“The effects were not confined to the six affected Andaman provinces,” Chaiyaporn said.

“The sinkholes and ground vibrations occurred in many areas along the Gulf of Thailand, such as Hat Yai, Chumpon and Nakhon Si Thammarat. In fact, we also have reports of underground water vibrations as far as the Central region.”

Panya said that although the South is home to two active faults – the Ranong and Klong Marui faults – the region has received little attention from seismologists because of minimal tectonic activity in the past. Of the 0 to 3 scales of seismic risk, the South was ranked between 0 to 1, which indicates zero to low earthquakes.

However, it is believed that the occurrence of an earthquake as strong as 9 on the Richter scale, such as the one in Sumatra, means that the geological structure of the region has been changed. Panya said the seismic risk map should be revised to increase the South to level 2 or higher, which indicates moderate to fairly high risk.

“I have to admit that we have concentrated our studies in the North and West in the past because they are at level 3 on the risk scales, and the two regions have experienced many more active faults,” Panya said.

“I have just drafted a new research proposal to include the Ranong and Klong Marui faults because we need to know much more about them now.”

Dr Tortrakul Yomanak, president of the Engineering Association of Thailand, urged tighter regulations to control buildings in the region to require high-rise structures to include earthquake-resistance technology.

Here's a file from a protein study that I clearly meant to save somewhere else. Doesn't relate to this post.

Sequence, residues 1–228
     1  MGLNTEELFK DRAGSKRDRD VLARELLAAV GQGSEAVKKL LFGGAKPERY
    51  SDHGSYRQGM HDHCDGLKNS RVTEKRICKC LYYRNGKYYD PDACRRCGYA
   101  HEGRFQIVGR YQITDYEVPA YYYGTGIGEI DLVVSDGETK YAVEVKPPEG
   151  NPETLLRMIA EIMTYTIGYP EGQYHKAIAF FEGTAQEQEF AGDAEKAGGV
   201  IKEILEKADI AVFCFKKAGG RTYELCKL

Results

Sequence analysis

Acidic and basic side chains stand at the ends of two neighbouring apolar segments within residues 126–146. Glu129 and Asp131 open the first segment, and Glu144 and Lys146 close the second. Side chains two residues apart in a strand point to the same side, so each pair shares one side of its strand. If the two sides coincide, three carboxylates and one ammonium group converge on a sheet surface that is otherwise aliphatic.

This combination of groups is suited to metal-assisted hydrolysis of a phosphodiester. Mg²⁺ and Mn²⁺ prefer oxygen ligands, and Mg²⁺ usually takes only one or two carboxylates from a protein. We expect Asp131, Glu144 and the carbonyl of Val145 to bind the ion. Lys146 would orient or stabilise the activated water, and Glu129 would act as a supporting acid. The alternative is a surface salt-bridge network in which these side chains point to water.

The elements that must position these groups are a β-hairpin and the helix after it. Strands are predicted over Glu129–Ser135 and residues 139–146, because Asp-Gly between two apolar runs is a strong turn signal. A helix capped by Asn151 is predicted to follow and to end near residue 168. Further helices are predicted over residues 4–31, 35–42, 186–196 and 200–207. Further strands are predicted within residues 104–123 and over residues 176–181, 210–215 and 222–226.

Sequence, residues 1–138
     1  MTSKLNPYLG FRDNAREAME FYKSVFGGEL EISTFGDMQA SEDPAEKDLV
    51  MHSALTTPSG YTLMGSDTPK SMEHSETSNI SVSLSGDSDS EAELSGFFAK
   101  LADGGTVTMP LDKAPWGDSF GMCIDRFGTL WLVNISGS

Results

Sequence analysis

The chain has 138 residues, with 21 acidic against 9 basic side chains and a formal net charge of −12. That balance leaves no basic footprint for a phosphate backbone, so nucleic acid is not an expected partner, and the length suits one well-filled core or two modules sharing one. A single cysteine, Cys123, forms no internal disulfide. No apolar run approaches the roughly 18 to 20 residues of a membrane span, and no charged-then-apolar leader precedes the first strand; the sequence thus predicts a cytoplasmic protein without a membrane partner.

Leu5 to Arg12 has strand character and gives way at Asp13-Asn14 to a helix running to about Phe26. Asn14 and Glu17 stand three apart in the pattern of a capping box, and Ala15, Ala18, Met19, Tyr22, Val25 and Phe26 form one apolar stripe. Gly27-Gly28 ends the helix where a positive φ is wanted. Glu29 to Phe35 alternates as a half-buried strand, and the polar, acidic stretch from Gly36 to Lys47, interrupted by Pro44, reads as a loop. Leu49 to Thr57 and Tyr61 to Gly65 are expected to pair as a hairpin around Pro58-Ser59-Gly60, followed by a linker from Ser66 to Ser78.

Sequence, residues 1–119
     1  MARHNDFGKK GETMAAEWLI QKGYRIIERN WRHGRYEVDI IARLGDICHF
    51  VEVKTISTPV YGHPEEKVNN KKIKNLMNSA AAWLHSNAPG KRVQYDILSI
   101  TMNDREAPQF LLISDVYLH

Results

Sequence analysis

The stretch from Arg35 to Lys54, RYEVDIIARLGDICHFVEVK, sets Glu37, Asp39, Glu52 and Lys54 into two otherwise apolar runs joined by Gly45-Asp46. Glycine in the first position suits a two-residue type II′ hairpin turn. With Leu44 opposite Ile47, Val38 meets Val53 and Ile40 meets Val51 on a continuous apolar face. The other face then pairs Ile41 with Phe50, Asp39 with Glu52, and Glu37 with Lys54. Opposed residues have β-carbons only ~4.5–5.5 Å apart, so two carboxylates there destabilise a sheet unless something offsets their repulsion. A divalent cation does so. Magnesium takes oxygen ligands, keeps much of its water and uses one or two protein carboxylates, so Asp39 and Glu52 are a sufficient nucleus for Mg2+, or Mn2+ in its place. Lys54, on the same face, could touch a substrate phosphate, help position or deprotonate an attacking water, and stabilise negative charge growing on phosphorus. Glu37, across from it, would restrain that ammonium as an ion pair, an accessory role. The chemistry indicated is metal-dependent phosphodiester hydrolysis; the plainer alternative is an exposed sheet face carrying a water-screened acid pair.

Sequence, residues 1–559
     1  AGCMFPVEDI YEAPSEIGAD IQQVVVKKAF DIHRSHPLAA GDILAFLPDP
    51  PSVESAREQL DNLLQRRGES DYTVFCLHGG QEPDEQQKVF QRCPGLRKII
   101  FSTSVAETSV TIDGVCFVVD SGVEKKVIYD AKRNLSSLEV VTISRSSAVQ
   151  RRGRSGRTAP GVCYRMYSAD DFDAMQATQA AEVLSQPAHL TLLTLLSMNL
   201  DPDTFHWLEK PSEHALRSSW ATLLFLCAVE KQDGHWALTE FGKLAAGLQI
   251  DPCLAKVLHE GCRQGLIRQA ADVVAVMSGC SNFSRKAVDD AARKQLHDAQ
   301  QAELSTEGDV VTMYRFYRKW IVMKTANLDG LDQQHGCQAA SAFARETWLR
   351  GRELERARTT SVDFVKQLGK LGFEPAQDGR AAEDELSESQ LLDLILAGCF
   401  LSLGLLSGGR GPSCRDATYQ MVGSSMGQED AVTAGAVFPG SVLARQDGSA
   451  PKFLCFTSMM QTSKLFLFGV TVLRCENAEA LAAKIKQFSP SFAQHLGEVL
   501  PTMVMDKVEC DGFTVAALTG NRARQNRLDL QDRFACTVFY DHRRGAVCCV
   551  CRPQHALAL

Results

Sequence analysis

Source: The Nation

Tuesday, January 11, 2005

Human Hand behind earth disaster?

Industry News on January 11, 2005 at 4:51 AM

Was this an earthquake creation experiment that ran out of control? Many countries are working on methods of creating massive earthquakes as means to defeat the enemy. The technologically advanced countries are working on this project.

If an earthquake and Tsunami can be created artificially and directed to a specific enemy, it can literally create havoc to the enemy.

Link to story


Earthquake: Coincidence or a corporate oil tragedy?
Publication Date : 2005-01-09
Now I don’t claim to be an expert on seismic activity, but there has been a series of events which led up to the 9.0 earthquake of the coast of Indonesia which can not be ignored. This all could be an enormous coincidence, but one must look at the information and choose for themselves whether there is anything to it.

On November 28th one month ago, Reuters reported that during a 3 day span 169 whales and dolphins beached themselves in Tasmania, an island of the southern coast of mainland Australia and in New Zealand. The cause for these beachings is not known, but Bob Brown, a senator in the Australian parliament, said "sound bombing" or seismic tests of ocean floors to test for oil and gas had been carried out near the sites of the Tasmanian beachings recently.